CHANDOS 9385  (57:46)

WAGNER:  Orchestral Music from "The Ring". Siegfried Idyll.
  A 77-minute program of big-scale performances of extended excerpts from Wagner's Die Walküre ("Wotan's Farewell and Magic Fire Music") and  Götterdämmerung ("Siegfried's Funeral Music"),  as well as a sensuous reading of Leopold Stokowski's arrangement of Love Music from Tristan and Isolde, concluding with the gentle Siegfried Idyll.   Charles Gerhardt  leads  the National Philharmonic Orchestra, his only all-digital recording on the Chesky label, containing performances not available elsewhere.

CHESKY CD 161 (77:47)

LEIFS:  Hekla, Op. 52, Loftr-Suite and other works
This CD of music by Icelandic composer Jón Leifs features Hekla, sometimes called the loudest music ever written, composed in 1961, vividly depicting the 1947 eruption of the volcano.  The huge orchestra includes a massive array of percussion played by 19 musicians including stones, sirens, chains, artillery and heavy bells.  During recording sessions many of the musicians used earplugs!  Hekla is a wild 11-minute piece that begins softly, soon becomes ominous; at the conclusion your equipment may suffer sonic shock. This gargantuan sound has been vividly captured by BIS' engineers.  As balm, sample other works on the CD, all, of necessity, of a gentler nature.  En Shao leads the Iceland Symphony Orchestra.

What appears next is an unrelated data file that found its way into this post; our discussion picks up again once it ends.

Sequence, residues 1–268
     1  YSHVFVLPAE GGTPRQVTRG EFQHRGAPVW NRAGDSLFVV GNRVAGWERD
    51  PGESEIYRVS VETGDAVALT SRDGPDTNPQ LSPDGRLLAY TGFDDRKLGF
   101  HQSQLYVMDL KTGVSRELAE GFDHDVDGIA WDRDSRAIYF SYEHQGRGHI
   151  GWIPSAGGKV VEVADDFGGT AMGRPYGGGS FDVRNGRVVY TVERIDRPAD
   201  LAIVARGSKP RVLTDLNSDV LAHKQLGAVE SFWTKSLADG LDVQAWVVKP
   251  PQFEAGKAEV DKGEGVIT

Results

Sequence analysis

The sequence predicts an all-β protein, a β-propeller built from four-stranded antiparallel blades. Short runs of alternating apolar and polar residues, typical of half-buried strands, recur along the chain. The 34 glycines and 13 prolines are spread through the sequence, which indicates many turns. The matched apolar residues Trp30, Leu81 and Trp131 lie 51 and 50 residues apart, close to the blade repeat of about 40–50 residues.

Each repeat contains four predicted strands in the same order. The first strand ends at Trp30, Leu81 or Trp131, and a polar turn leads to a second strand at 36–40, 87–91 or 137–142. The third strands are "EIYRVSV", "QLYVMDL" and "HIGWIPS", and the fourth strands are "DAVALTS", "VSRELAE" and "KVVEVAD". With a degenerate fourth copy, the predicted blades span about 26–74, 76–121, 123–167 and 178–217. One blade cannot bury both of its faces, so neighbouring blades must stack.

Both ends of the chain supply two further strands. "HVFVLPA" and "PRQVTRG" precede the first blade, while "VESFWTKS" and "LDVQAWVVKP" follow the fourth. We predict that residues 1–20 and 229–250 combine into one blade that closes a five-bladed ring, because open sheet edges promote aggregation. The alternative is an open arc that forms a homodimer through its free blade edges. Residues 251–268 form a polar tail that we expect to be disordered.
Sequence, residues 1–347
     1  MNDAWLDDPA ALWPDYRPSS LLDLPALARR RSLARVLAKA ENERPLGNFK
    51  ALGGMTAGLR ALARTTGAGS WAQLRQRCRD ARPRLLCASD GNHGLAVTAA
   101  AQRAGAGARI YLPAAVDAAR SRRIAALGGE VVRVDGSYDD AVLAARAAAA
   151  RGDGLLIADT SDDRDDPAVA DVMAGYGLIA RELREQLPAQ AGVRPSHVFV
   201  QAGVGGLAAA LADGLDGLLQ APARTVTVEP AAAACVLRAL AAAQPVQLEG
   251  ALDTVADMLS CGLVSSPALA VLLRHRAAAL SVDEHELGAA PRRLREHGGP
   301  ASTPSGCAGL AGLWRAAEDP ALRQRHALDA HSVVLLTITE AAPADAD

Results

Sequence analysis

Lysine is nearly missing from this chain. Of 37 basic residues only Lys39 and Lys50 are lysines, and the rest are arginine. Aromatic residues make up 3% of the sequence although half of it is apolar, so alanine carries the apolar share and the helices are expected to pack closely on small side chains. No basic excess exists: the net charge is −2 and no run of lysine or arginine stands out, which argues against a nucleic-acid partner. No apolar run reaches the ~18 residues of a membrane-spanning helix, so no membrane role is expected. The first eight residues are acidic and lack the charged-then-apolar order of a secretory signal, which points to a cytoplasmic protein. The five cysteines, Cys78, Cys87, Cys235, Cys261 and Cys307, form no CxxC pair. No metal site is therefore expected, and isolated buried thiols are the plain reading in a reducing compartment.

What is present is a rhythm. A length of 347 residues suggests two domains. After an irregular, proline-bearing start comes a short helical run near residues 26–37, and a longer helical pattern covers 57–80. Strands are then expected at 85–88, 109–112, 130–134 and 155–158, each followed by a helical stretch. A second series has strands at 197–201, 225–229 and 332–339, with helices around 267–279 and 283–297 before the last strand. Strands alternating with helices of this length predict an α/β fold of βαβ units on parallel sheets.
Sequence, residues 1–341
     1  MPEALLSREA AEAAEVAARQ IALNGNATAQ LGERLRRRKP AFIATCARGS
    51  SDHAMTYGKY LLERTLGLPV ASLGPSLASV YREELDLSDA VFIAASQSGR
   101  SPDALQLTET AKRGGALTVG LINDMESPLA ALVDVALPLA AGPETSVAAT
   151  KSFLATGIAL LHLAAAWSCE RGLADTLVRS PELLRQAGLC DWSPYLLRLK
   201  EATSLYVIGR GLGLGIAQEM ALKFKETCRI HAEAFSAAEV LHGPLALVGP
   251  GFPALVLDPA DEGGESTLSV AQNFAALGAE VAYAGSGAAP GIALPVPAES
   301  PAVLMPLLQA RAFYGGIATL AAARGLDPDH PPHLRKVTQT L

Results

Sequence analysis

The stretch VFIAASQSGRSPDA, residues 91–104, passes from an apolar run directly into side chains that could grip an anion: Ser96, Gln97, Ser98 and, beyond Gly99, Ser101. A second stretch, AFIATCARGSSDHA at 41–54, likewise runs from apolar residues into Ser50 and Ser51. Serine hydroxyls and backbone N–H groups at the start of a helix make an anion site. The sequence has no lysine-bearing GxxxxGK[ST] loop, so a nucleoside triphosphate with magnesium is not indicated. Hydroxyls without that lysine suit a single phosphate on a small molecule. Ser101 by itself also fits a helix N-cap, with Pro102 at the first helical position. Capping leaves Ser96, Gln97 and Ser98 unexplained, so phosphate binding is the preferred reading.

BIS CD 1030  (64:41)

RESPIGHI:  Belkis, Queen of Sheba.  Dance of the Gnomes.  The Pines of Rome